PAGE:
She graduated cum laude from Boston University's College of Arts and Sciences in 2011, majoring in international relations and economics…
After college, Ocasio-Cortez moved back to the Bronx and found work as an educational director. Following the death of her father, she took on an additional job working as a bartender and waitress to help her mother—a house cleaner and school-bus driver—fight foreclosure of their home. Ocasio-Cortez later launched Brook Avenue Press, a publishing firm for books that portray the Bronx in a positive light. She worked as lead educational strategist at GAGEis, Inc. Ocasio-Cortez also worked for the nonprofit National Hispanic Institute, serving as the Educational Director of the 2017 Northeast Collegiate World Series, a five-day long program targeted at college-bound high school students from across the United States and other countries, where she also participated in the panel on the future of Latino leadership.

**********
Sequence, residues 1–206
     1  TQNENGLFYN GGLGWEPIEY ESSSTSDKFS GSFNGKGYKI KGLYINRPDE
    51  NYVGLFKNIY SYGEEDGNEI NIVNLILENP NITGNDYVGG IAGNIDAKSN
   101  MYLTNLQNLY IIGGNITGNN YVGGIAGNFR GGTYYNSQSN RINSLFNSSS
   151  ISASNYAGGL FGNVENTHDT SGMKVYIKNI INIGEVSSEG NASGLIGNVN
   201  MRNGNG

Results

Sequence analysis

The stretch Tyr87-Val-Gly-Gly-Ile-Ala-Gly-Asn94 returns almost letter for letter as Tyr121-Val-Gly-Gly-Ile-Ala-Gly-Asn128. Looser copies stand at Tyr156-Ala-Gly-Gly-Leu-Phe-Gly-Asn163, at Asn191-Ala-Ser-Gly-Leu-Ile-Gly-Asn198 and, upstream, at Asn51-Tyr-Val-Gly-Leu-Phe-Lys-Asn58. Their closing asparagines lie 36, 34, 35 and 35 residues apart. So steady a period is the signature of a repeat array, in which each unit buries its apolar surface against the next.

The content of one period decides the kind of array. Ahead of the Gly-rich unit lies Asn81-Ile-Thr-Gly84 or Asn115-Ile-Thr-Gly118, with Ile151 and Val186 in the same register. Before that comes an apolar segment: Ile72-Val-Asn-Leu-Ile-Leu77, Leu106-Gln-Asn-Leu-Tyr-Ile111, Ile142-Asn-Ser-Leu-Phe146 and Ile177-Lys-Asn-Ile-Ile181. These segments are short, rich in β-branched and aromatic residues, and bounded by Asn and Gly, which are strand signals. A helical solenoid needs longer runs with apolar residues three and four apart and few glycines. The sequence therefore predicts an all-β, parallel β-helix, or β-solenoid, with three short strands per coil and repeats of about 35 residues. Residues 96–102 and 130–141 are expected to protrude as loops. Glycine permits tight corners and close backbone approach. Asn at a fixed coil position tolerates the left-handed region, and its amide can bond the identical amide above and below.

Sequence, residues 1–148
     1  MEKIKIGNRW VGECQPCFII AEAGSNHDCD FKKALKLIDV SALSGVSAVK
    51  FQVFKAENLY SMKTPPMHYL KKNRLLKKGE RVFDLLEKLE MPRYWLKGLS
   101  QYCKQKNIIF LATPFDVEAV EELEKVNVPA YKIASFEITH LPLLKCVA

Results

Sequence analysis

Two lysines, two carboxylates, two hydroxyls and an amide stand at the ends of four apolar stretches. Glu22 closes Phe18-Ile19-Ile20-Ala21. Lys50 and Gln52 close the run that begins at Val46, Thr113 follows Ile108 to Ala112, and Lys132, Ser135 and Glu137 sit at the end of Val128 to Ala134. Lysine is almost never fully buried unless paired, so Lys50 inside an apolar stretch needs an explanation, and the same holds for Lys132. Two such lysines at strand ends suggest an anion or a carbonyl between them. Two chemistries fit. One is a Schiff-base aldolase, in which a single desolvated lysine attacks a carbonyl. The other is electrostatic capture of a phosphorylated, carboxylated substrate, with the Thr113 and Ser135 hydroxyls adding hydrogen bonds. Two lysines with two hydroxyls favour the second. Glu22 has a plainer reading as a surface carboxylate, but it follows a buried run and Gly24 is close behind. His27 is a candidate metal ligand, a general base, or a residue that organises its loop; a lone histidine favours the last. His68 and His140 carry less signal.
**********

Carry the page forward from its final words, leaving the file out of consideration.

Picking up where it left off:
In the 2016 primary, Ocasio-Cortez worked as an organizer for Bernie Sanders's 2016 presidential campaign. After the general election, she traveled across America by car, visiting places such as Flint, Michigan, and Standing Rock Indian Reservation in North Dakota, and speaking to people affected by the Flint water crisis and the Dakota Access Pipeline. In an interview she recalled her December 2016 visit to Standing Rock as a tipping point, saying that before that, she had believed that the only way to effectively run for office was if you had access to wealth, social influence, and power. But her visit to North Dakota, where she saw others "putting their whole lives and everything that they had on the line for the protection of their community", inspired her to begin to work for her own community. One day after she visited North Dakota, she got a phone call from Brand New Congress, which was recruiting progressive candidates (her brother had nominated her soon after Election Day 2016)…